Those 636,000 public sector jobs that have been destroyed in recent years will affect American society in negative and unpredictable ways for decades to come unless there is unleashed a progressive third party force capable of driving fundamental change. Today we see as “normal” proposals coming from the Simpson-Bowels Commission or the Peterson Institute or the Paul Ryan budget that will annihilate what’s left of the federal social safety net in this country at a time when it is needed most.

The Supreme Court has become a lynchpin for the Republican Right in cementing this dreary future. By striking down the Montana campaign finance law and undermining labor unions’ ability to spend political money, the Right’s “activist” court is setting up a situation where progressives are forced to fight with both hands tied behind their backs.

Joe PalermoWe have an anemic Democratic Party duplicitous in the 1 percent’s assault on working people. The economic crisis has been successfully deployed to beat down public workers and their unions (the Democratic base). The close of each new Supreme Court session brings added horrors.

We could learn a lot from the election of 1912 where a third and fourth party shook up the foundations of corporate control. It’s a disgrace that 100 years ago the United States could run an election with far greater choices than it is capable of running today. Until some catalyst for real change emerges that can punch a hole in this drab edifice we’ll continue to be relegated to life in the nether reaches of the “Broken Middle.”

Joseph Palermo
Joseph Palermo’s Blog

Posted: Tuesday, 26 June 2012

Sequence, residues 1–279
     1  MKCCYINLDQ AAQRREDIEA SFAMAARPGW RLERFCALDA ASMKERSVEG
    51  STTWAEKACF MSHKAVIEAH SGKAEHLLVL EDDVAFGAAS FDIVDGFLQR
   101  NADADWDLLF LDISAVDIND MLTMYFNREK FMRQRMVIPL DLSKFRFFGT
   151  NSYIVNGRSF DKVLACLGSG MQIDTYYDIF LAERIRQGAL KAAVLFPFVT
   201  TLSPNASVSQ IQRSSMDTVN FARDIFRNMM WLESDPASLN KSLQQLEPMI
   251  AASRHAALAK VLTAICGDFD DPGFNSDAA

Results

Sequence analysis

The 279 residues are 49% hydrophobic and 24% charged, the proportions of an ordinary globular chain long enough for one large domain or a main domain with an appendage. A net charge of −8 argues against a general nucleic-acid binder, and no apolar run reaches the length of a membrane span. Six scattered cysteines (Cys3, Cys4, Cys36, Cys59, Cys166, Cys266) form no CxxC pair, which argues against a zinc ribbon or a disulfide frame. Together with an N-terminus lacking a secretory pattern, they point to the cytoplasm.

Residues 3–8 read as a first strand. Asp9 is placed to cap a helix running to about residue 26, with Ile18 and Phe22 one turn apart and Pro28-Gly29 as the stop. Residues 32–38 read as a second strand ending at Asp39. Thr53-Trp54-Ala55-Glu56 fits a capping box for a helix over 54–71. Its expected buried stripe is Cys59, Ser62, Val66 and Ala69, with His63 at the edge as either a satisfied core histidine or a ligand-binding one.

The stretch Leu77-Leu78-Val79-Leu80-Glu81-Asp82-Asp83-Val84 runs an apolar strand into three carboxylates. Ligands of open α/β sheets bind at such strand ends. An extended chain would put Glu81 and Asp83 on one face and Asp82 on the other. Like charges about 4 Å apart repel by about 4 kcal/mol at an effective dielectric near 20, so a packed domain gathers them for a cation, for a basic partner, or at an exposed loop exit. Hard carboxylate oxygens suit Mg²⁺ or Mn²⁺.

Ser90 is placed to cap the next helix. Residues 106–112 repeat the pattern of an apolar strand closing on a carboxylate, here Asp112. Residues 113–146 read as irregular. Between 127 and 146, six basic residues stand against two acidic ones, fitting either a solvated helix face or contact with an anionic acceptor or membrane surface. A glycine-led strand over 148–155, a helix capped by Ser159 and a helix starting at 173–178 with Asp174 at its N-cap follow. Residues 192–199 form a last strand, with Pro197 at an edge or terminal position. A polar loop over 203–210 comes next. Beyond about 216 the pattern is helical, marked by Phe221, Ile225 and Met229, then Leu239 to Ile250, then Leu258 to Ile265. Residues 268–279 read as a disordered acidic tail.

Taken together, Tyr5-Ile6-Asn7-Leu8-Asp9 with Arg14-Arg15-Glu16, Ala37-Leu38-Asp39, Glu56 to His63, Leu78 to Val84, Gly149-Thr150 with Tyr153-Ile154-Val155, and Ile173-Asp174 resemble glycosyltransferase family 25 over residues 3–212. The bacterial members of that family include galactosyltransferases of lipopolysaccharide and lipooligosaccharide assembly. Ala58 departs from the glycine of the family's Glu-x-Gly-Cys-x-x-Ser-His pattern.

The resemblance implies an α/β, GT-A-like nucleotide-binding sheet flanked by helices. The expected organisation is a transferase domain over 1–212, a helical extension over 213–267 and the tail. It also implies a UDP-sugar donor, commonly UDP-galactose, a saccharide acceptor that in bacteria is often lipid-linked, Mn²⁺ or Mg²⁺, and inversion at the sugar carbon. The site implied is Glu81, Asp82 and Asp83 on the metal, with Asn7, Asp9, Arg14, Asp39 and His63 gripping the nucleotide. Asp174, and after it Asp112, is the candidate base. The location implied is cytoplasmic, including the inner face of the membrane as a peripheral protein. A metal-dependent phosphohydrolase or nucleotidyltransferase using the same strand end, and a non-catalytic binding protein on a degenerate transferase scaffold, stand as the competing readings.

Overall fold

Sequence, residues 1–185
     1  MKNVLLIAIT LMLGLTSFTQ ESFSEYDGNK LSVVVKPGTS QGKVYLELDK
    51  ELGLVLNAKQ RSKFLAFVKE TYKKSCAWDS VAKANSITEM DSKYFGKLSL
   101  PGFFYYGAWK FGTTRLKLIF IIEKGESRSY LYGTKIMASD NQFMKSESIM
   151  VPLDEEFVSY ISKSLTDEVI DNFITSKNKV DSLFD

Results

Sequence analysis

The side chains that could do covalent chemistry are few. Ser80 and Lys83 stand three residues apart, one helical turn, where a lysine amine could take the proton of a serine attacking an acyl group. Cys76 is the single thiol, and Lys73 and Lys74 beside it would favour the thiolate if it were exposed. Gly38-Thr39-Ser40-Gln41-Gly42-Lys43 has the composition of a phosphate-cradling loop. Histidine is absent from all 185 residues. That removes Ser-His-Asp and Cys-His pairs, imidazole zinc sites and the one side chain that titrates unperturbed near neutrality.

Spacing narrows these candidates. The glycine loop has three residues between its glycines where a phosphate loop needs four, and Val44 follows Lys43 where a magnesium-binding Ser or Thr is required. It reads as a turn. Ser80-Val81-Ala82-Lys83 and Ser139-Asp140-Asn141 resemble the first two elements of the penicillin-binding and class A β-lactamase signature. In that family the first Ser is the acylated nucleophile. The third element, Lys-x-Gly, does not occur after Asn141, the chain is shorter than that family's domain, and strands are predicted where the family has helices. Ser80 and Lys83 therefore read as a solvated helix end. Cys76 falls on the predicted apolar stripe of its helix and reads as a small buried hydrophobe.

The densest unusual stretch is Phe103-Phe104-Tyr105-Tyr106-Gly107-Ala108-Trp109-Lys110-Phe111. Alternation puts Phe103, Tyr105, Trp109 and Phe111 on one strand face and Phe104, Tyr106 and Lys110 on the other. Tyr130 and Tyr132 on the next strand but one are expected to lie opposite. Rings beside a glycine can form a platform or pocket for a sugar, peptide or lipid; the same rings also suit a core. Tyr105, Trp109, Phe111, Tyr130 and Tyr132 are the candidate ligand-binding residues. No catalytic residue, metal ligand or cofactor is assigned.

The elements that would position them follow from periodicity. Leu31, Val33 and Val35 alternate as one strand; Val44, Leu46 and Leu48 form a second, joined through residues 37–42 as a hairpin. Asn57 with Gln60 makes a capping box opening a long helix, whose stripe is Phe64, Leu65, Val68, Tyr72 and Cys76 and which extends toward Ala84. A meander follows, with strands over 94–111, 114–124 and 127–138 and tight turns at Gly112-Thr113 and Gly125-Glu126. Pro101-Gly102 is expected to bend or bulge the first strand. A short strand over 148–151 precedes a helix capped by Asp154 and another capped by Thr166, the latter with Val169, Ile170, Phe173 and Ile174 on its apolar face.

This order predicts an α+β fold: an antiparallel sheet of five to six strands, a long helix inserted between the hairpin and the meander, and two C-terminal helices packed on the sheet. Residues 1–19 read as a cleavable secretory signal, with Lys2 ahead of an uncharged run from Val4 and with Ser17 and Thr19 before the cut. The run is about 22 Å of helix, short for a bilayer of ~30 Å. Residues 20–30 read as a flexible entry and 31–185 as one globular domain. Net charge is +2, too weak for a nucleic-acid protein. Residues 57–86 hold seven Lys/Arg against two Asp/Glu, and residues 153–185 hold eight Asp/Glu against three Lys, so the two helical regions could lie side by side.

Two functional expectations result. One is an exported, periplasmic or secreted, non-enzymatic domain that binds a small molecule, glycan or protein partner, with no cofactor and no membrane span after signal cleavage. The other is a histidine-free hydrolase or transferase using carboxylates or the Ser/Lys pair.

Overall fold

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Comments

  1. ronwf says

    “At the end of World War Two, for example, for every dollar Washington
    received from individual taxpayers, it got $1.50 from taxing corporate
    profits.”

    At the end of WW II the U.S. was about the only industrialized nation that had an intact industrial base.  Everyone else’s was bombed flat.  We had little competition and we manufactured and exported all over the world.  Now times have changed.  American corporations now face competition from companies in countries that have far more efficient production and far cheaper labor costs.  It can no longer afford to pay all those taxes to stay competitive.  Comparing the conditions of 60+ years ago with those of now without acknowledging the differences is either naive, ignorant or deliberately deceptive.

    “Those 636,000 public sector jobs that have been destroyed in recent years”

    If those jobs need to be done then (absent public safety exceptions like police and fire departments) private workers can be hired to do them.  If they don’t need to be done then we shouldn’t be wasting tax money on them.  The fact that government needs to ensure that certain tasks are performed doesn’t mean that government has to directly hire the people doing them.

    “So the Roberts Court, with Citizens United and its offspring,
    is making it easier for corporations to dominate our politics while it
    tears down labor’s ability to fight back against the onslaught.”

    Please support your thesis with figures showing how much money is donated by corporations vs. how much by individuals.  Be sure to include and distinguish spending by unions, which are also corporations affected by Citizens United.

    “The only reason why the public sector unions grew over the past 30 years
    is that states and municipalities could not pursue the aggressive